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Connecting with our children’s providers remotely has become part of life. This fact sheet will get you ready for your next video or phone visit and make the most of your time with your child’s provider.

What is Telemedicine?

While telemedicine and telehealth are often used interchangeably, telemedicine is focused on the clinical part of care, like a video appointment with your child’s medical providers or a virtual therapy session. Telehealth relates more broadly to remote or virtual care and health-related learning.


Gather Your Information

Medications: Have the containers or a list of what your child’s medicines and note if you need refills.

Numbers: The provider may ask for your child’s weight, temperature or other measures of health, so have this information at your fingertips.

Questions: Write down and prioritize your concerns and a list of questions you want to get answered.

Plan of Care: Be ready to share updates from other providers or specialists, relevant information about school or community supports and changes in your child’s care plan.

Set up for Success

Location: Choose a place in your home where you can sit comfortably and set your phone, laptop or tablet on a stable surface with reliable Internet access. Make sure,

    • there’s enough light,
    • no glare, and
    • there isn’t a window behind you.

Noise Level: Find a quiet space and let other family members know that you will be on a video or phone call with your child’s provider. Also, put your pet in another room so it won’t disrupt the appointment.

Power: Make sure your device is charged or plugged into an electrical outlet.

Download Apps & Have Your Login and Password: Try the telemedicine platform or app before the appointment and have the instructions that your provider’s office emailed to you close by.

Telephone Numbers: Make sure you have your provider or clinic’s phone number available in case you run into technical issues.

Ask for Accommodations: If you need things like a translator or closed captioning, request this before the visit—ideally when you make the appointment or several weeks in advance.

Timing Your Appointment: If possible don’t schedule  appointments at mealtimes, naptimes or at the end  of a long day.

Prepare Your Child

Let your child know what to expect by using roleplay or social stories to explain the appointment. If possible, have a family member on standby to help if your child needs a break. And, make sure your child has a snack, has used the restroom, is in a comfortable place, and has toys and books close by.

Dress your child in clothing that is loose and can be removed easily in case a virtual exam is needed. And, let your child know if you think the provider may ask to see an area of their body.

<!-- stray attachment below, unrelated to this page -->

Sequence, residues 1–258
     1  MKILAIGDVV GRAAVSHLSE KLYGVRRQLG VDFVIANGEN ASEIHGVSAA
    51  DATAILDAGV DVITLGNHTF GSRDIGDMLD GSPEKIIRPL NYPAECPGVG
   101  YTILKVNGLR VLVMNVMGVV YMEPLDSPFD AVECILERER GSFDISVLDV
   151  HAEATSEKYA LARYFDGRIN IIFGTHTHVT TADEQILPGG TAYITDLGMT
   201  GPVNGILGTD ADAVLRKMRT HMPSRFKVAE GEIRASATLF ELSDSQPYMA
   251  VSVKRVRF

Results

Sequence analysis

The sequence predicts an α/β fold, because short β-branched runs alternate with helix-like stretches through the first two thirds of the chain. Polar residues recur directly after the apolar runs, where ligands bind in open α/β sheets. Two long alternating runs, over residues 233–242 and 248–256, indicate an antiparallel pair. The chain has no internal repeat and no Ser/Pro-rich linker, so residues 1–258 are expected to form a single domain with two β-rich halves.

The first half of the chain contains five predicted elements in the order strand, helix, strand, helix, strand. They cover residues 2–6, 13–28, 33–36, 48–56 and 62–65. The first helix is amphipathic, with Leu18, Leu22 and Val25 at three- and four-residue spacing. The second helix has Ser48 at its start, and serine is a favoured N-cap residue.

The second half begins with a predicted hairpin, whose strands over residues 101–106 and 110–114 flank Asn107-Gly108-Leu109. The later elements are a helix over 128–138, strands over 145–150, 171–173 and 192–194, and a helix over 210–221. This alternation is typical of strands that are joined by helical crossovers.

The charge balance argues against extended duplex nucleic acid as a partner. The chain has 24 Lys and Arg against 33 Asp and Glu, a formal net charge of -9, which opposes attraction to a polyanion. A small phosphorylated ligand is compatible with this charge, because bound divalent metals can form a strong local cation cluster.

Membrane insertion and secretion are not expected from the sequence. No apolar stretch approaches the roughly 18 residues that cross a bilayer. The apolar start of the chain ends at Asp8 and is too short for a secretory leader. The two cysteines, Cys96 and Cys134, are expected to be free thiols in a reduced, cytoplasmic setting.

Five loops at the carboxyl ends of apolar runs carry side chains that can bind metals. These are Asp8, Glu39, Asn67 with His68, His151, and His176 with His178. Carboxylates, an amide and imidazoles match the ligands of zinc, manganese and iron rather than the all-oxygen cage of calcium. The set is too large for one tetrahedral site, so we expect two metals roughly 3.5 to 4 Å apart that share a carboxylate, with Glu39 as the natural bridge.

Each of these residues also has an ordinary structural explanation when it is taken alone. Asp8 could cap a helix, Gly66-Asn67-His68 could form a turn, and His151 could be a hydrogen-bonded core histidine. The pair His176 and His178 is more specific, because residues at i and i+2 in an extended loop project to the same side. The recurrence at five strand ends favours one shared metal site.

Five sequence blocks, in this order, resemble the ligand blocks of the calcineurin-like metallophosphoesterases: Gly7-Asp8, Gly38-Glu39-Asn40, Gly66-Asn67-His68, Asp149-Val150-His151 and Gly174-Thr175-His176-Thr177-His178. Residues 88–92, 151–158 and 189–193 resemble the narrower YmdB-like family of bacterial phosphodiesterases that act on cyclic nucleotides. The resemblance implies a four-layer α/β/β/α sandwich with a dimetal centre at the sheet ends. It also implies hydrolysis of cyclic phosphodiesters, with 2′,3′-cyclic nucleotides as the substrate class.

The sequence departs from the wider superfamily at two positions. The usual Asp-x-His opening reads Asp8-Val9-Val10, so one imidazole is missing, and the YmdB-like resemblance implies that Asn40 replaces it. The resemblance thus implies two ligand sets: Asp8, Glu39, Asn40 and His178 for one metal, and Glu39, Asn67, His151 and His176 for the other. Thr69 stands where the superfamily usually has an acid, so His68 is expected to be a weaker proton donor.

Just Before Your Appointment

Test: Make sure the camera, microphone and Internet are all working.

Close Other Apps: To keep your connection strong, close the other apps on the device that you’ll be using for the appointment.

Have a Pen and Paper: You may want to take notes.

Position the Camera: Angle the cameral to let the doctor see both you and your child clearly.  


Be Patient: Like an in-person medical visit, you may have to wait a few minutes for the provider to join the video.

Be Ready: You may be asked to hold the camera close to your child or take a photo of an area of their body.

Step Away: If you have a teen, you may need to briefly leave the room and let the provider talk with your child alone.

Before Your Appointment Ends

Pause: Check your list of concerns and questions. Make sure you covered everything.

Summarize Treatment Plans: Make sure your provider briefly reviews the treatment plan and next steps for your child.

Your Next Steps: Read back to the provider what you will do after the visit. Will you need to make a follow-up appointment or will the clinic call you? And, will the provider call in refills or a new prescription to your preferred pharmacy?


Advocate for What is Best

Contact the Provider’s Office: Were you able to get what you needed, have your questions and concerns addressed during the telemedicine visit? If not, call or email to follow-up.

Let the Provider Know Your Preference: Tell your provider if you want to continue with virtual visits or if an   in-person visit is better for you and your child. Be sure you consider things like exposing your child to viruses, bad weather making driving difficult, and changing schedules at home, school and therapy.

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